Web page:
The reality is, as the show and Dean himself have made explicit at various times during its run, that John Winchester forced Dean to be a surrogate mother/spouse/feminized (in his view) caretaker role while simultaneously forcing him into as many hypermasculine tropes as he could think of and rewarding him only for being as much like him as possible. This would do a serious number on anyone’s head and I think the writers and the actor who plays Dean all realize this. Watching Dean face and resolve that harmful, abusive dichotomy over the years has been a unique experience for me as a viewer. The show has really benefited from having Jensen Ackles in the role, who has given him a level of nuance - and allowed the writers to plumb depths - that probably wouldn’t otherwise be there."
Dean looks at him, curious; tips his head to one side much like Castiel usually does. He’s considering him, as he has often these past few weeks. He looks him up and down. “Nah. More like… a tourist.” He flips through the racks of clothes in front of them one last time, then shrugs as if giving them up for lost. “C’mon. We’ll get you some ray bans. Maybe a Hawaiian shirt.”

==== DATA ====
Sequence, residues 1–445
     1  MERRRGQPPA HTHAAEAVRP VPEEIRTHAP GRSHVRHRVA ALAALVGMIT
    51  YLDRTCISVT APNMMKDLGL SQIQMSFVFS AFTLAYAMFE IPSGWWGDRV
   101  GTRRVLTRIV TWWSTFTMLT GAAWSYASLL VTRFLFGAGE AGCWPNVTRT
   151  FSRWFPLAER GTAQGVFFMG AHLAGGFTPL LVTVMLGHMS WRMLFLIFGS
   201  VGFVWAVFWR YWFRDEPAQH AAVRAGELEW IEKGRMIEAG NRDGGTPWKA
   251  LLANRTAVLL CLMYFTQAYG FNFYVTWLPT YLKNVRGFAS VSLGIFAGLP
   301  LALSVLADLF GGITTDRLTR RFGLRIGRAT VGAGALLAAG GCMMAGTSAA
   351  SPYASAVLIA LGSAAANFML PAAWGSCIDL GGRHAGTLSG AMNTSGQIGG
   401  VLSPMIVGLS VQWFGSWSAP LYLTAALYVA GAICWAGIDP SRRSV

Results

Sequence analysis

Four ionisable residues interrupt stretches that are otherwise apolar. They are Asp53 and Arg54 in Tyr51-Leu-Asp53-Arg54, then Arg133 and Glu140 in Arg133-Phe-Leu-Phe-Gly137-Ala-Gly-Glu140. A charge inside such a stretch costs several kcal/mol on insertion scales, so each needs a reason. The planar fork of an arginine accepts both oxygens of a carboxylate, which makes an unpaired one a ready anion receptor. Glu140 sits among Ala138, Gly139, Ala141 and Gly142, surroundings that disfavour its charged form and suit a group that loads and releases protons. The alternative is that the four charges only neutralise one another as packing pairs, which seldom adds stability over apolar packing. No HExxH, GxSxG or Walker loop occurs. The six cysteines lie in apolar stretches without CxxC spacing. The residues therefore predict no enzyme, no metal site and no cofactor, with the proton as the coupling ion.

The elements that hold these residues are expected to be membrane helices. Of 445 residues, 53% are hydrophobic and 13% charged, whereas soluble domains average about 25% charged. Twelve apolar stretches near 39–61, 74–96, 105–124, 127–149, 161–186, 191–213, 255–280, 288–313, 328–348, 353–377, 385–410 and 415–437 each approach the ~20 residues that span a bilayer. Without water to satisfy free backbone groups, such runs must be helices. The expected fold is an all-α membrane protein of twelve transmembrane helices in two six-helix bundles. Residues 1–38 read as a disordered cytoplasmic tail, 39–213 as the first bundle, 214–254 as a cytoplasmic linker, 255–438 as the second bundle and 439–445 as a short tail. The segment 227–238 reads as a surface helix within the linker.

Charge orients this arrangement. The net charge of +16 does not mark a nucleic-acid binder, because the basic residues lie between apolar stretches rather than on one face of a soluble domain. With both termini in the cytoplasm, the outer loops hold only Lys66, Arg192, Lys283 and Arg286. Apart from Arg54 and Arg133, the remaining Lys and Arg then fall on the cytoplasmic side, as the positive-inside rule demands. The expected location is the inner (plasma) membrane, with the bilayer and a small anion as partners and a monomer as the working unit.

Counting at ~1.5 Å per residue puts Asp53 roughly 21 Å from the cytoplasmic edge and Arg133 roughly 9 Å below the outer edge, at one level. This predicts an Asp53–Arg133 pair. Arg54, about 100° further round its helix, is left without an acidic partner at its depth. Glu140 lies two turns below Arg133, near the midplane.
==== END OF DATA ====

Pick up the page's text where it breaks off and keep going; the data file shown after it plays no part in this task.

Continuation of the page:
But they go for neither of these items, and instead Castiel finds himself awash in a deluge of fabrics and colours, hands tripping over the rails of things so pretty he could almost eat them; the world a swirl of colours, of shapes, and of Dean, its muddy-coloured accent, mocking in bluejeans and his old, battered leather jacket. He’s a leather-strip bracelet, something old and sentimental, nothing like the things he wants Castiel to choose – but Castiel has been old, has been used, and has been useful.
Privately, he thinks, he is somewhat ready to be treated as new.